Lecture 2 – Maya Commoners’ Everyday Life and Agriculture: Ceren

The vast majority of the Maya were commoners, and their work as farmers and laborers was the economic base, which supported the cultural achievements of the elite.  This lecture will explore Maya agricultural practices, commoner households, and rural life.  These themes will be explored in greater depth through the case study of Ceren in El Salvador.  Ceren is labeled the Pompeii of the New World as a volcanic eruption around AD 600 buried it.  The exceptional preservation of this small village provides unique insights into everyday life among the Maya. 

Lecture 3 – Tropical Cities and Low-Density Urbanism: Tikal

Classic period (AD 200-900) cities reached sizes of up to 75,000 inhabitants and hosted impressive works of infrastructure and architecture.  This lecture will explore the Maya's unique, low-density form of urbanism.  Specifically, we will examine the case study of Tikal in Guatemala, which was one of the Maya world's largest cities. Tikal is of particular note due to its developed market area, system of reservoirs, and set of large defensive walls.  In addition to its impressive temples and palaces, these make it a site anyone interested in the Maya must visit.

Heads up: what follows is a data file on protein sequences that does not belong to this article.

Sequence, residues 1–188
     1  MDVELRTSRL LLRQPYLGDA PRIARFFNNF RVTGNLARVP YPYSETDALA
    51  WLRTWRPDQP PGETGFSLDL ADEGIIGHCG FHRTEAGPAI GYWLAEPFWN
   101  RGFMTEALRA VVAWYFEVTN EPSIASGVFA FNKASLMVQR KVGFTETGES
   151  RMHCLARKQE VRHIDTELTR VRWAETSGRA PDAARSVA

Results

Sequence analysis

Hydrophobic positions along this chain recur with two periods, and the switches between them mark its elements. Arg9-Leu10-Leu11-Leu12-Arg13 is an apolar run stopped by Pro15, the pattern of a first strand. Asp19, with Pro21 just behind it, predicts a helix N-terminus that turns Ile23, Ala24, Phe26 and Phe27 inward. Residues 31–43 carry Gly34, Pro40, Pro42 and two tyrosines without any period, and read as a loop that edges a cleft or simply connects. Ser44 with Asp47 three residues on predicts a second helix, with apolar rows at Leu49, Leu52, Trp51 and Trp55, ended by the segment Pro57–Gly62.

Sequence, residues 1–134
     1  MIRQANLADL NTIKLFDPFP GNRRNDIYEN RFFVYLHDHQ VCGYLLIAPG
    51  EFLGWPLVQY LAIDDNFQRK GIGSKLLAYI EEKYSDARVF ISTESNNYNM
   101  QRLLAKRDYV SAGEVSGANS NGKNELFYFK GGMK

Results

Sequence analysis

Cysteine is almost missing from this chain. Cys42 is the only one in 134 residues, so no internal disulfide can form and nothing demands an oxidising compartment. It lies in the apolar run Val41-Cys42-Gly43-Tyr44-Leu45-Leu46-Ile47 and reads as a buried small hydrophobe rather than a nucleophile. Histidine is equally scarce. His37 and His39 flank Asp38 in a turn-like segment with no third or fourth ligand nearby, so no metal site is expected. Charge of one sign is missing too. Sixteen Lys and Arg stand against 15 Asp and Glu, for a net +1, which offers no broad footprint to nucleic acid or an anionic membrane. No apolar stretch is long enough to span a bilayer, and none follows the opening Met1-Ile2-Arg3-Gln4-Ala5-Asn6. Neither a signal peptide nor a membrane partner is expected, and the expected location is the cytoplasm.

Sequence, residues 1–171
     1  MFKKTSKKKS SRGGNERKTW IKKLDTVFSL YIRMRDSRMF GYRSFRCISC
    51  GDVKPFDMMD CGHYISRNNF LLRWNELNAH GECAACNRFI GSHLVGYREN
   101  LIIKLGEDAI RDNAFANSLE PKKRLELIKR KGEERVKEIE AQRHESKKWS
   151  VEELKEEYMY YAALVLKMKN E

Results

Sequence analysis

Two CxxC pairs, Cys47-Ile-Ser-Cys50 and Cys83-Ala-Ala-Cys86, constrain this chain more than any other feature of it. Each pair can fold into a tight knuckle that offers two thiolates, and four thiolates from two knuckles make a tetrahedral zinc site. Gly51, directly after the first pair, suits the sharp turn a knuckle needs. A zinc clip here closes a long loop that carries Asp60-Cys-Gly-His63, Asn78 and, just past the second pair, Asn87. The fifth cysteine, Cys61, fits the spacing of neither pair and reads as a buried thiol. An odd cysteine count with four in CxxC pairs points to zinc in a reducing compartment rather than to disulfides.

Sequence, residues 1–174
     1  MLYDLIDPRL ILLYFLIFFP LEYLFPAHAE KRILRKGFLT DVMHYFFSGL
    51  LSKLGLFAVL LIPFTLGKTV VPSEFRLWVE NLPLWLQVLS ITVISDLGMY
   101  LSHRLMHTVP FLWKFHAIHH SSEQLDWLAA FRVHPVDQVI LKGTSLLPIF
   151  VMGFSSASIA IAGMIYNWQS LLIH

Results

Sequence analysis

Lecture 4 – Divine Kings, Political Organization of the Maya: The Kaan Kingdom

This lecture will explore the political organization of the Maya during the Classic period (AD 200-900). Maya divine kings were celebrated on the hieroglyphic stela, lived in opulent palaces, and buried in rich tombs. Until recently, many argued that the Maya were organized in city-states. However, new research is uncovering more extensive regional powers, such as the Kaan kingdom centered on the site of Calakmul in southern Mexico.  The Kaan kingdom united a group of allied, lesser kings in surrounding sites against its mortal enemy Tikal.